Fig. 4. Gruhlke is cited in a report about his restaurant and coin collection that draws crowds. The Waterloo Press, Thursday, July 30, 1891.
In December 1891 he slipped on the ice and sustained a knee injury causing him to walk with a cane.
In April 1892 he was elected town clerk of Waterloo, Indiana.
Gruhlke was a charter member of the ANA and is listed as Member No. 49.
Fig. 5. Gruhlke's advertisement in the March 1892 issue of The Numismatist on page 43. Courtesy Lupia Numismatic Library.
Gruhlke's coin advertisements first appeared in the March 1892 issue of The Numismatist on page 43, where he solicited to buy Large Cents 1793 to 1857 in Very Fine and Uncirculated Condition. Remember back in 1892 coin grading and terminology was a bit different. Very Fine condition was the equivalent to Extra Fine to About Uncirculated by today's standards.
Fig. 6. Gruhlke's restaurant featured in the local newspaper reports the front room has his coin and curiosity collections on display. The Waterloo Press, Thursday, September 29, 1892, page 1.
In November 1892, Dr. George Heath appointed Gruhlke together with Tatman and F. B. Stebbins to the Standing Rules Committee for the newly formed A. N. A.
Fig. 7. Gruhlke's advertisement in the December 1892 issue of The Numismatist selling subscriptions to his new monthly serial.
In December 1892, he advertised in The Numismatist selling subscriptions to The American Archaeologist, a twenty-page monthly devoted to the interests of Indian relic collectors, published by the Archaeologist Publishing Company. It soon expanded to twenty-eight pages. The monthly journal was formed by Gruhlke, L. V. McWhorter, and J. R. Nissley as the official organ of the American Archaeologist Association. They sold shares of stock in the company and eventually they sold out to Professor Warren K. Moorehead, Ohio State University. Gruhlke owned a vast collection of 26,000 Indian relics, and was a very proficient amateur archaeologist.
In 1893, he was present at the first A.N. A. annual convention. He became the Superintendent of the Exchange Department of The Numismatist.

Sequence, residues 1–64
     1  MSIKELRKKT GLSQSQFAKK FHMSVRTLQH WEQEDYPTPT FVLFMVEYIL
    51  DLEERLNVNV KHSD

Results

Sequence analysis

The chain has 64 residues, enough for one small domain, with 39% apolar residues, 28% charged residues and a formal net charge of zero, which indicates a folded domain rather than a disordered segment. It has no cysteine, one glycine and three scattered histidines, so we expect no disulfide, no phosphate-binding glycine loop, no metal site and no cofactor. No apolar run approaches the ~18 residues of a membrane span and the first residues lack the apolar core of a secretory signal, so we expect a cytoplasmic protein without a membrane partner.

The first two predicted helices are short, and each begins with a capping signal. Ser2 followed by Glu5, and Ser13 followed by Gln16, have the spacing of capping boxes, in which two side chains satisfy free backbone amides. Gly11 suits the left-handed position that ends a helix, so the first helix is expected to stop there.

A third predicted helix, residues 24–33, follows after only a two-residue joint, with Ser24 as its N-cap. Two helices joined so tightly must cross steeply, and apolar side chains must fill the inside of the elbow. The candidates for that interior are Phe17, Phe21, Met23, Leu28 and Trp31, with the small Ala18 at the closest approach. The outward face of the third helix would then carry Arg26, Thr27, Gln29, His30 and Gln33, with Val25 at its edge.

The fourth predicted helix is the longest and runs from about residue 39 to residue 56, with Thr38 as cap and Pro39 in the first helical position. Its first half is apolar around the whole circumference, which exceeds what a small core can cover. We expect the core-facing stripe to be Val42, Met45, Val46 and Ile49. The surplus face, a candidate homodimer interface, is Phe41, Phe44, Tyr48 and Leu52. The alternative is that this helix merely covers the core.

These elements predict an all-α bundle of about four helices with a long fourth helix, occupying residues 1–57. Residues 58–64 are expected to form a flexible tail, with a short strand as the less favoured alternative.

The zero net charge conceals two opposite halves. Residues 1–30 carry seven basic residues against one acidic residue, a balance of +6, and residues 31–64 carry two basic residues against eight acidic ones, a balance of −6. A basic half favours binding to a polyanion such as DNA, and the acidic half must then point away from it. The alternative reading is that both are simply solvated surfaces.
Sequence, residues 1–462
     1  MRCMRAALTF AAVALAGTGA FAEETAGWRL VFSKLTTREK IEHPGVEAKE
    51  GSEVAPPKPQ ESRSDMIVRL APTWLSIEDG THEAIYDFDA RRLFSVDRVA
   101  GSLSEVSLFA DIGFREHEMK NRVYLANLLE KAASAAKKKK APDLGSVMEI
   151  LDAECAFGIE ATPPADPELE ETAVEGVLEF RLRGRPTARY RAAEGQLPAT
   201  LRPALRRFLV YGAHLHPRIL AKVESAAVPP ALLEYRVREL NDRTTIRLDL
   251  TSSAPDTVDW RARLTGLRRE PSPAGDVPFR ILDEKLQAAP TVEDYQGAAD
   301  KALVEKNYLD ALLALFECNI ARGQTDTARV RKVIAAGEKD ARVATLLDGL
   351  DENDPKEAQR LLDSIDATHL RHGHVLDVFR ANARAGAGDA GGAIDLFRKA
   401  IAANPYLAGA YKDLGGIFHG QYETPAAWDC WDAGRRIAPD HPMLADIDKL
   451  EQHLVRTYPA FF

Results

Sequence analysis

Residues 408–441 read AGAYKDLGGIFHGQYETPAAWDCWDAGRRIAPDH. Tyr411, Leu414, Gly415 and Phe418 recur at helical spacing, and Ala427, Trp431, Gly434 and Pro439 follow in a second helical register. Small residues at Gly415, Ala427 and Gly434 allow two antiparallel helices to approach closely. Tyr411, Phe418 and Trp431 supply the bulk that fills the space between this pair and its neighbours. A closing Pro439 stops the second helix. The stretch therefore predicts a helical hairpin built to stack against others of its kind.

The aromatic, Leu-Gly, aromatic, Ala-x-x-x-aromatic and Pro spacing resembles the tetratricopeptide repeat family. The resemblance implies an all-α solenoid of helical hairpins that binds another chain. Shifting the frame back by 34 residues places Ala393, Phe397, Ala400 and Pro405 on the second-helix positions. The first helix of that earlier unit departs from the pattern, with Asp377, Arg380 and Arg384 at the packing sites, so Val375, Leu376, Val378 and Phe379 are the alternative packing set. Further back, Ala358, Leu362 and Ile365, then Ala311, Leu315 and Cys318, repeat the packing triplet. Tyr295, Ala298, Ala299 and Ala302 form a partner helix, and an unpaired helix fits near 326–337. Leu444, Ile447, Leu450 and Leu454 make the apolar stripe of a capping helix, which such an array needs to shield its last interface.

Fig. 8. Newspaper attention was given Gruhlke's The American Archaeologist, magazine. The Waterloo Press, Thursday, March 2, 1893, page 5.
In 1895, he invented the electric cigar lighter. He formed a partnership with William Kessler in the firm of the Standard Manufacturing Company making the Standard Electric Cigar Lighter. Gruhlke sold out his interests in the firm to Kessler. He then opened a new firm, the Star Electric Company.
In 1896 he was the Secretary of the Waterloo City Lodge of Free and Arch Masons.
In 1897, he sold the restaurant and retired from the Railroad.
In September 1900 he sold 5,000 pieces of his extensive collection of Indian relics to Dr. Nelson Lloyd Deming (1868-1947), Fort Wayne, Indiana, for $1,200.
In January 1901 Gruhlke and his partner E. G. Flack were granted the franchise to open the electric company in Waterloo installing street lights and supplying electricity for the city.
In October 1903 he sold his interest in the Waterloo Cigar Company to F. C. Goodwin.
In 1908 he sold his interest in the Star Electric Company. He then opened a real estate brokerage in the firm of Gruhlke & Saltsman.
Fig. 9. Report of Gruhlke's gun museum possessed the largest collection of guns in the state was published in the Indianapolis Star, Sunday, November 21, 1909, page 10.
On September 15, 1911, he held a public auction selling a portion of his rare gun collection.
In 1912 he advertised selling a collection of 2,000 coins in the April issue of The Numismatist.
The 1930 U. S. Census lists him as the owner of a Vanity Store.
It was reported in his obituary that his vast collections of coins, Indian relics, and guns were sold prior to his death.
He died on April 30, 1935, and is buried in the Waterloo Cemetery, DeKalb County, Indiana.
The Waterloo Press, Thursday, January 27, 1887
The Waterloo Press, Thursday, July 18, 1889. Ocarina band
The Waterloo Press, Thursday, August 14, 1890.
The Waterloo Press, Thursday, March 12, 1891
The Waterloo Press, Thursday, July 30, 1891
The Waterloo Press, Thursday, December 17, 1891, page 5
The Numismatist, March (1892) : 43
The Numismatist, November (1892) : 86
The Numismatist, December (1892) : 110
Indianapolis Star, Sunday, November 21, 1909, page 10
The Numismatist, April (1912) : 150
Garrett Clipper, Tuesday, May 2, 1935, page 4
The Waterloo Press, May 2, 1935, pages 1 & 8 Obit